• Panko breadcrumbs: Breadcrumbs are used in traditional meatball recipes, too. I use gluten-free panko here, firstly because I’m GF, but also because I like how light and fluffy panko is. It will prevent your meatballs from being dense little edible golfballs. No one likes that.
  • Flax tapioca egg: This plant-based egg substitute will do the exact same thing as a regular egg. You don’t want your meatballs to fall apart, so be sure not to skip out on using this awesome, plant-based binder!

On top of those base ingredients, we add a combination of garlic, soy sauce, salt and pepper, and a splash of olive oil for delicious, additional flavor.

For the sauce:

Meatballs and mushroom gravy with parsley on top.

Our sauce is even simpler than the meatballs. Mushrooms are the key because of their meaty, umami flavor. You know how much I love mushrooms if you’ve spent any time poking around on this site, too. Just sauté those beauties alongside onion and garlic, then add some vegetable broth and simmer.

Next, you add your secret weapon ingredient: plain vegan yogurt. A lot of Swedish meatball recipes use cream cheese in the sauce, and it makes sense why. It’s tangy, which is the perfect foil for the uber-rich mushrooms and broth. We used the same logic here, and added some generous dollops of Kite Hill’s SPECTACULAR plant-based almond yogurt. Mmmmm…

You may have to thicken the gravy slightly with some cornstarch or tapioca starch slurry (see the recipe) to reach your texture preference for the gravy, but this largely depends on how watery your mushrooms are. Otherwise, once you stir in the vegan yogurt, you’re all ready to garnish with some fresh parsley and serve!

These easy vegan Swedish meatballs are so satisfying, we doubt you’ll miss the meat. I turn to this recipe every time I’m in the mood for some indulgent comfort food, but prefer something that’s healthy and more sustainable.

This recipe will serve 4 people comfortably, but if you’re feeling like getting your meal prep on or are feeding the fam, you can easily double it. You can also freeze the meatballs and sauce together, or store them in the fridge for 3-4 days.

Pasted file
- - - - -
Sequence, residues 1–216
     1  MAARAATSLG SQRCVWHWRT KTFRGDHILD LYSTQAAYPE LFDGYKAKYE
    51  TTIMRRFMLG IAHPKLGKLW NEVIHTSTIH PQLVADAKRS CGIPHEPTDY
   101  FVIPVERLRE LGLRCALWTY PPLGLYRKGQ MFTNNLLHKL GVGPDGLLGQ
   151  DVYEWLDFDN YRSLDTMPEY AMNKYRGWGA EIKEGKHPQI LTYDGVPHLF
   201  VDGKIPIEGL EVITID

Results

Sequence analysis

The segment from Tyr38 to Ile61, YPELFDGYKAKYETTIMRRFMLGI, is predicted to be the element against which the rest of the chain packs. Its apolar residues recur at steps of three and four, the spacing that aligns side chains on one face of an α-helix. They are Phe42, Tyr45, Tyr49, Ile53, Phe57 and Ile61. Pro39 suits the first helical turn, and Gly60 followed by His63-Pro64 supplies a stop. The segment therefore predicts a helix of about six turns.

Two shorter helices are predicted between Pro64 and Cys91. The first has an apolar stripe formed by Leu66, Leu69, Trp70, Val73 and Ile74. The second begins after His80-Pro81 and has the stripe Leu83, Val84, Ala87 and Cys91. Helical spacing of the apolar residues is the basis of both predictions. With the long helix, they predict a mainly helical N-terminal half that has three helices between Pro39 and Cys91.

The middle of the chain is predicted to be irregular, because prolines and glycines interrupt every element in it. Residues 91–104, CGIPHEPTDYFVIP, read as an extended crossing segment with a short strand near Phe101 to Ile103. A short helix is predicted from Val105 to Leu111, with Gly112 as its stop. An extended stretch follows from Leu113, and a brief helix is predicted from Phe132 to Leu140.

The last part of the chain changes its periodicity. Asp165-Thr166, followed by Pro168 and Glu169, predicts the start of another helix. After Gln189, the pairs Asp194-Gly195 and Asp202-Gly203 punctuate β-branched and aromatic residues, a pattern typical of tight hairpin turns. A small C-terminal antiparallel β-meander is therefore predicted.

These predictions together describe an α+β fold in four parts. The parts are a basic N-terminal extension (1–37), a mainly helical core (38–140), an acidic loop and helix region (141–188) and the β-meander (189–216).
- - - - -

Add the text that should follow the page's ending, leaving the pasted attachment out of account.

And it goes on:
Eat up and enjoy! Leave us a comment and rate the recipe if you try it. Be sure to snap a pic, too, and tag it #savorharvest so we can see your handiwork!

Oh, and if you’re into more vegan comfort classics, try out our vegan mushroom lasagna, ultra-creamy plant-based mac and cheese, tender plant-based meat loaf, or Shuggie’s seriously southern slow-cooked lima beans.

Cozy and Comforting Vegan Swedish Meatballs

These chewy, meaty, plant-based Swedish meatballs are made with a base of rice, lentils, and walnuts. They're then baked to perfection and topped with creamy, velvety, rich mushroom and onion gravy. If you're looking for the perfect, plant-based comfort food, definitely give these easy vegan Swedish meatballs a go.
Prep Time: 20 minutes
Cook Time: 30 minutes
Total Time: 50 minutes
Course: Main Course, Entree
Cuisine: Swedish, Vegan, Healthy!
Diet: Vegetarian, Gluten Free, Vegan
Keyword: comfort food, vegan comfort food, dinner party, gravy, healthy recipes, mushroom gravy, easy vegan recipes, classic recipes, mushrooms, Scandinavian food, easy vegan meals, winter recipes, meal prep, easy family meal, vegan gluten free, healthy food, Swedish meatballs, Swedish meatball sauce, vegan Swedish meatballs, easy Swedish meatballs, lentils, rice, walnuts, Gluten-free, vegan meat, Vegan, meat substitute
Servings: 4 people
Calories: 527kcal
Author: LM


  • Food processor


For the vegan meatballs:

  • 1 cup cooked brown rice chilled
  • 1 cup cooked green lentils *see recipe instruction #1
  • 1 cup walnut halves and pieces
  • 1/2 cup gluten-free panko breadcrumbs